Below is a picture of the Fenton Seminary. According to the Nomination form filed with the National Register of Historic Places in 1982
“Fentonville distinguished itself early with a highly developed private and public school system. The Fentonville public system was, as of 1876, one of the five systems in the state on the University of Michigan’s accredited list. Unfortunately the private school system failed when financial difficulties, not unknown to such institutions, forced it to close its doors. In addition to primary and secondary schools , Fentonville had three instructions of higher learning, one of which was the private Fenton Seminary, founded by Rosina L. Dayfoot under the auspices of the Baptist Church.
A two-story frame building was the first to house the Fenton Seminary, which served as a feeder preparatory school for Kalamazoo College in the western part of the state. This structure was soon followed, circa 1867, by the extant monumental stone structure at 309 High Street. At the height of its success, the seminary boasted classes in business, languages, music and calisthenics. By 1886,however, the school’s trustees found it impossible to continue operation of the Fenton Seminary and offered the building and grounds to the Baptist Ministers Aid Society. From that time until very recently, it has been known as the Baptist Ministers Home and served as a retirement home for clerics.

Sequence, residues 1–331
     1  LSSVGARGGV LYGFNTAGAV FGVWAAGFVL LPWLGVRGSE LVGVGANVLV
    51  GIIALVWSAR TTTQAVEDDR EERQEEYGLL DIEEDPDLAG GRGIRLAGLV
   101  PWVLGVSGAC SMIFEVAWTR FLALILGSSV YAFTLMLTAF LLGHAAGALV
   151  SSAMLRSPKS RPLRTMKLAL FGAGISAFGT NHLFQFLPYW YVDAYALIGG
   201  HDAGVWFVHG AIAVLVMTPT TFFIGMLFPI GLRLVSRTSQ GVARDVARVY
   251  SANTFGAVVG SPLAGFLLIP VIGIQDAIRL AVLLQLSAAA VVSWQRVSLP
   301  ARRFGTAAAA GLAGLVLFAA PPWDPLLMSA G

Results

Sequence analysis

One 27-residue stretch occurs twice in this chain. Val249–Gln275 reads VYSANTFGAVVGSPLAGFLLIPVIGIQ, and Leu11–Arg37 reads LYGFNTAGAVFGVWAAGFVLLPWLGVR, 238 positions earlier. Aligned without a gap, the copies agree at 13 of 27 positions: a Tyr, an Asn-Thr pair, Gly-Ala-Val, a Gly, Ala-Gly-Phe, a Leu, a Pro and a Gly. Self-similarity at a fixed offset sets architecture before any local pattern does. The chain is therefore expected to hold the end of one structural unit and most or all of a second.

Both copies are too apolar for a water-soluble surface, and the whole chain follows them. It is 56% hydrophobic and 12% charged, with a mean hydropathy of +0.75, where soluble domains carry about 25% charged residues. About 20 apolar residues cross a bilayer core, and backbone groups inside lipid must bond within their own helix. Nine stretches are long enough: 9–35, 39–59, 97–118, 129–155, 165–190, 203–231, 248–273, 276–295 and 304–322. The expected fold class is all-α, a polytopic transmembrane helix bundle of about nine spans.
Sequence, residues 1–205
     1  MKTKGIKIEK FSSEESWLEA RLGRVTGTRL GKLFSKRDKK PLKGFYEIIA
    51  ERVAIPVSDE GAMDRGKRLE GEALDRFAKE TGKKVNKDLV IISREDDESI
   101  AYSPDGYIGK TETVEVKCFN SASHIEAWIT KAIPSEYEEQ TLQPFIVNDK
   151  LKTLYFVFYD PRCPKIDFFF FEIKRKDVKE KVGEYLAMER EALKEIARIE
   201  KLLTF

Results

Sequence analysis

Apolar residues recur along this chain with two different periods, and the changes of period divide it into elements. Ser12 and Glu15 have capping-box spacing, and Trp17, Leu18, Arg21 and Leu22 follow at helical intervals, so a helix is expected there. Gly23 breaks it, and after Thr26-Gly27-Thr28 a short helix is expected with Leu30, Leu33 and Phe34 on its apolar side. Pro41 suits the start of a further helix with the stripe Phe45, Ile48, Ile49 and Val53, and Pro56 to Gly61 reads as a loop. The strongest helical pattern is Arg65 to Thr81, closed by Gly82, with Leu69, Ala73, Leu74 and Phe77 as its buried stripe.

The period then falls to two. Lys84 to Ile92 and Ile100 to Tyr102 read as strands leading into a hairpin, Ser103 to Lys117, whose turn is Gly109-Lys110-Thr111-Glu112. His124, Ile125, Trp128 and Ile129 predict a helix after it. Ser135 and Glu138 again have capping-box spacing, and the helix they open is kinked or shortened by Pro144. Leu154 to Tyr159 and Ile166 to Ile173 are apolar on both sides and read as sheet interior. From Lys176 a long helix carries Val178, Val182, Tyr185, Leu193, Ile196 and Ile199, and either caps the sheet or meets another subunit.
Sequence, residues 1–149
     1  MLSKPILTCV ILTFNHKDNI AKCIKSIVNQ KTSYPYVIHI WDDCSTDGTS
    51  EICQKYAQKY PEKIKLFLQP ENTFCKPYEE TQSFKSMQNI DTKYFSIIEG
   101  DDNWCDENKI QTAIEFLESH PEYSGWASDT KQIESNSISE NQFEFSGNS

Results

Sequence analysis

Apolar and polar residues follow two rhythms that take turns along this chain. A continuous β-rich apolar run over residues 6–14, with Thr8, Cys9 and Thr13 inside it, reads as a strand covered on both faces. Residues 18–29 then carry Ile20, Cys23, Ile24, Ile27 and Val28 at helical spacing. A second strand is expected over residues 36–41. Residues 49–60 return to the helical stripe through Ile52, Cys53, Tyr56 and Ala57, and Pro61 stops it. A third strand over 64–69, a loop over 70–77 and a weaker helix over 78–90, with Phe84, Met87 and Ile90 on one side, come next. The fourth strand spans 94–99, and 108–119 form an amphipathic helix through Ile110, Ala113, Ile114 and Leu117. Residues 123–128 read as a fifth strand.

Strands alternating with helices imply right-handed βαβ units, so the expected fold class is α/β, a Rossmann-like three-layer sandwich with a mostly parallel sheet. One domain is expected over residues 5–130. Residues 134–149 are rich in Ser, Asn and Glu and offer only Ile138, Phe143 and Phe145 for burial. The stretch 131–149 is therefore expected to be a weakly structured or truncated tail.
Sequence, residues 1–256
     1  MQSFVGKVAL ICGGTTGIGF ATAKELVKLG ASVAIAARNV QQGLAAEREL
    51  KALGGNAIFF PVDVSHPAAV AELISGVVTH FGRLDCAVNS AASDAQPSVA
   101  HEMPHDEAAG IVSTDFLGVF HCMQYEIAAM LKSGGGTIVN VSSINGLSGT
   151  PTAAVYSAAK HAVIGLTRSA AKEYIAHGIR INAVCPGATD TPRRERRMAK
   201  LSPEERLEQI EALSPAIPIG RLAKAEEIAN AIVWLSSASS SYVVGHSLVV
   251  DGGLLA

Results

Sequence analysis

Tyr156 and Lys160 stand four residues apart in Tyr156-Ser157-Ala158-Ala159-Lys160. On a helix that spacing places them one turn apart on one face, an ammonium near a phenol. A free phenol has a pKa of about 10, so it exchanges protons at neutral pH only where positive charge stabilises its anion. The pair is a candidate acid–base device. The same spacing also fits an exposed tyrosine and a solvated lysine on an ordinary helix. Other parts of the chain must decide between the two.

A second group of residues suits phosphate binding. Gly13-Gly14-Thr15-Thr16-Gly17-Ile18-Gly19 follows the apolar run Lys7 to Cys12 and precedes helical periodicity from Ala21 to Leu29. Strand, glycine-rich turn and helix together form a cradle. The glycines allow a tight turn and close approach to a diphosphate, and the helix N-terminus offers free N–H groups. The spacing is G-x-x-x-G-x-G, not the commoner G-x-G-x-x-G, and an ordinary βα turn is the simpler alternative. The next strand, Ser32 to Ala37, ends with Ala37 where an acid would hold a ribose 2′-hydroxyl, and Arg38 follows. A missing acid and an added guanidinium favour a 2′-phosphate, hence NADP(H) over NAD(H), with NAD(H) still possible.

The three-story sone structure was originally constructed in the Second Empire Style, complete with a mansard roof, dormers, and rounded arch windows. A severe fire in 1899, however, destroyed the entire interior, roof, and the original two-story veranda with its balustrades and divided front steps. During the building’s reconstruction in 1900, the porch was altered to feature two stone piers, the front stairway was built as a singke flight, and the third story was eliminated and replaced by a truncated hip roof. The new roof’s details included a centrally placed gable dormer flanked by fanciful metal dormers.
Fenton also had two Episcopal schools , Latimer Hall and Ridley Hall. Latimer Hall was the boys’ school and opened November 14, 1872. The headmaster was Rev. O. E. Fuller. Latimer Hall was located at the west end of Rockwell. It was destroyed by fire in 1907.
Ridley Hall was the Episcopal school for girls and opened 1876. Ridley Hall was on the north side of town at Thurber and First Street. It later became The Normal School.